Funding for the stalled Concord-Carlisle high school building project has been restored, more than six months after the state yanked $28.8 million worth of grant payments over concerns that the project had ballooned over budget and scope.
The original agreement between the district and the Massachusetts School Building Authority granted the district $28,781,100 in state reimbursement; in the letter from the state dated Jan. 10, the grant is reduced to $28,587,347.
“We are thrilled to formally secure this reinstatement,” said Concord-Carlisle Superintendent Diana Rigby in a statement about the funding sent out in a newsletter. “I am thankful for all the work to get to this point and I look forward to moving this important project forward so we can deliver a state-of-the-art educational facility for the students and families of Concord and Carlisle.”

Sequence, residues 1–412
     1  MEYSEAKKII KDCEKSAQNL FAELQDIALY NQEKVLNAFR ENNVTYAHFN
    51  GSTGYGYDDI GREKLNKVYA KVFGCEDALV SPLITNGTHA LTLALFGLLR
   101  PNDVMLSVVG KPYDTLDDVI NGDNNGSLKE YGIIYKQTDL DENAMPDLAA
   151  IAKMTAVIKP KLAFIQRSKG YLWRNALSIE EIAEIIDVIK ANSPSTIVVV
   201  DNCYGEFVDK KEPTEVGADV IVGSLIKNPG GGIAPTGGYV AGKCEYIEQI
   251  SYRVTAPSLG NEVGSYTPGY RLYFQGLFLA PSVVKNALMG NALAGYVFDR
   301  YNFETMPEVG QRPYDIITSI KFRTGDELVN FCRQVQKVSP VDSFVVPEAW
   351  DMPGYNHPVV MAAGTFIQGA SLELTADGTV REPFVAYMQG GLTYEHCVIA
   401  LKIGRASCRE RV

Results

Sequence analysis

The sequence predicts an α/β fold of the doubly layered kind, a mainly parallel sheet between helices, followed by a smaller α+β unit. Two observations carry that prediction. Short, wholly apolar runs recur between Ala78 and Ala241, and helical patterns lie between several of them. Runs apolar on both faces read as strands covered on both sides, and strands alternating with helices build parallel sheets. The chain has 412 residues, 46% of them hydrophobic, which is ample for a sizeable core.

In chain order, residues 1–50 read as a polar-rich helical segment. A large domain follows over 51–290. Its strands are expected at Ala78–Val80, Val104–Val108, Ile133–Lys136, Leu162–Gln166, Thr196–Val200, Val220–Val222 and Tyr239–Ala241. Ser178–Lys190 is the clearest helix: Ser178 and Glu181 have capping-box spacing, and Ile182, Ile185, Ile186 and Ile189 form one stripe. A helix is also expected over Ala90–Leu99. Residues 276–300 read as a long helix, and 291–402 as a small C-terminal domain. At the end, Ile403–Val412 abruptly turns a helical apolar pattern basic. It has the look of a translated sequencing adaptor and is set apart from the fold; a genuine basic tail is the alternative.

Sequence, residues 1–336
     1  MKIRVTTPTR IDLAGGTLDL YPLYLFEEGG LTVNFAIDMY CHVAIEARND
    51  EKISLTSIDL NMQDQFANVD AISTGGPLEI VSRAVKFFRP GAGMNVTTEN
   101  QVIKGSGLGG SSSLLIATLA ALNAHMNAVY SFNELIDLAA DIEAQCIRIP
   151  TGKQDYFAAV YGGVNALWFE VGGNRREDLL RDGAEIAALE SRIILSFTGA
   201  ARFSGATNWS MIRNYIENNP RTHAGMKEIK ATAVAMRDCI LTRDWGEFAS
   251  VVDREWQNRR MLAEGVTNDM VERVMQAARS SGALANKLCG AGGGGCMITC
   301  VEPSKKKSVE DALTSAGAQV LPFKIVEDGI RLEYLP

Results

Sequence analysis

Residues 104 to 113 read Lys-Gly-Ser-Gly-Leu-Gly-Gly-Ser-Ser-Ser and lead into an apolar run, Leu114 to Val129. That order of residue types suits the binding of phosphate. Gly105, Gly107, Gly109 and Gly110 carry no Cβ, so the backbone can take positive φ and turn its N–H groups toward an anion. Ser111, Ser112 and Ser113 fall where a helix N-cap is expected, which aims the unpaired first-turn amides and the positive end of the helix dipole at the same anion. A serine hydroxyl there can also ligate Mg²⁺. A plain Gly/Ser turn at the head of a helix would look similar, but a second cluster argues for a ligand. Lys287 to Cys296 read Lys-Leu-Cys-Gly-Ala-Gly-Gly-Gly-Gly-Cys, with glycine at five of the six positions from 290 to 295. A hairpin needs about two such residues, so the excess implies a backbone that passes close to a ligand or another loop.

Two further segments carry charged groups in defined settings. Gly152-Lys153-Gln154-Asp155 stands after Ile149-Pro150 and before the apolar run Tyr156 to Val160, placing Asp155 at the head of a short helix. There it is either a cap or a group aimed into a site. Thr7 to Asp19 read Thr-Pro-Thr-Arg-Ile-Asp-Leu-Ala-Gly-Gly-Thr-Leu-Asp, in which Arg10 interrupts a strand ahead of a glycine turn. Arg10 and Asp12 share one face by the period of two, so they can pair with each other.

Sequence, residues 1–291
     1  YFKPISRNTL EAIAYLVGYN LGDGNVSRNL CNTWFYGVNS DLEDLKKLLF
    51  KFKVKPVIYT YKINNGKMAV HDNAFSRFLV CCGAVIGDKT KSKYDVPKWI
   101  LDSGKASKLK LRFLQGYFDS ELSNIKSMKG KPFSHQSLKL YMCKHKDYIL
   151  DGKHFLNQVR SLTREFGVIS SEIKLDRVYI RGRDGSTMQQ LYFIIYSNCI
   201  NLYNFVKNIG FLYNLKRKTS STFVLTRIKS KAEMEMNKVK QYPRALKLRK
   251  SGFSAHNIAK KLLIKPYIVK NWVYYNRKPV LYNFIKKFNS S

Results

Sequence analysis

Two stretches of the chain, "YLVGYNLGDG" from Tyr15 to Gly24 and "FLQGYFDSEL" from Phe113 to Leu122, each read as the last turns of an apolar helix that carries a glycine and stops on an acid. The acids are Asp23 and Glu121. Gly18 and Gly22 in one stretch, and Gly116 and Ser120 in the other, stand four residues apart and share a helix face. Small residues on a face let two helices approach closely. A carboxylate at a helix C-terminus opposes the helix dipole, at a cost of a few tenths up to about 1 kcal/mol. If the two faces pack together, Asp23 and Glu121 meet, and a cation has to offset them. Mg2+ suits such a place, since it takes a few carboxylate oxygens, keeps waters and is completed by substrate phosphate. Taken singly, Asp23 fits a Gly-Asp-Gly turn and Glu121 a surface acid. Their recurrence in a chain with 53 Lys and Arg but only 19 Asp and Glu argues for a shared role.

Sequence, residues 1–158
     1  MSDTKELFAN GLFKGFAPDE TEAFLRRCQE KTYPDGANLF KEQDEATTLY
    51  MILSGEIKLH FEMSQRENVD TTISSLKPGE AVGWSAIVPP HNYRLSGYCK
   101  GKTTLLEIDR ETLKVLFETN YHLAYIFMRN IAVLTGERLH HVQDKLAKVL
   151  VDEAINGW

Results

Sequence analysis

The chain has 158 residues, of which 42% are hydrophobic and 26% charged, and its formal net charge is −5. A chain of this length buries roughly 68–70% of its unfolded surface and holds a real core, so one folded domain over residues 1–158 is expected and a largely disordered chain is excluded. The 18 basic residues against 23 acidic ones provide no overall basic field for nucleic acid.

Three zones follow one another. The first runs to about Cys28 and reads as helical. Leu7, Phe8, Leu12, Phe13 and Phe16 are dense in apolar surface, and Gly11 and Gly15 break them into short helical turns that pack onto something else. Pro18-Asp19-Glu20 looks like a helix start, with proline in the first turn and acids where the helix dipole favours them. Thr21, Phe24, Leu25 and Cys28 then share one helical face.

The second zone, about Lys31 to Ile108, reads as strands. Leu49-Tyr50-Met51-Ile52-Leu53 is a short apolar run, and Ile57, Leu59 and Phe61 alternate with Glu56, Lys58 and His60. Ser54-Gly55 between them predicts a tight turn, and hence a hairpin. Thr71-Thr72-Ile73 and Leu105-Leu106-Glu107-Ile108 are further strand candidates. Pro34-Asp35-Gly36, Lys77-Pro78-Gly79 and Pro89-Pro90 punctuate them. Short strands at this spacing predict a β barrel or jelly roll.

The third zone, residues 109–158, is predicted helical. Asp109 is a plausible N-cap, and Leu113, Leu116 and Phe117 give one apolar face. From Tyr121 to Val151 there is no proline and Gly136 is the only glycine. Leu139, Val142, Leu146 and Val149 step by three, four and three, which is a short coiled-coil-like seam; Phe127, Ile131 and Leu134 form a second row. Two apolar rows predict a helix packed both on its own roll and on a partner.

At the end of June last year, the state halted grant payments to the district, saying that the project had veered off schedule, and that its design was both over scope and budget. Last March, according to school officials, the project was poised to run between $15 million and $17 million over its $75.1 million building construction budget; those costs have since been reigned in.
The project was originally expected to break ground this past fall, but it has been on hold while district officials reworked building design plans. Late last year, Concord-Carlisle Regional High School Building Committee Chair Stan Durlacher told the Globe that the project was still on track to hit its completion date of fall 2015.
In the district’s newsletter, officials say that in spite of delays, the project is expected to be completed by December 2015.
The next Building Committee meeting is scheduled for Jan. 30 at 6:00 p.m. in the lower library at the Concord-Carlisle High School.
Evan Allen can be reached at email@example.com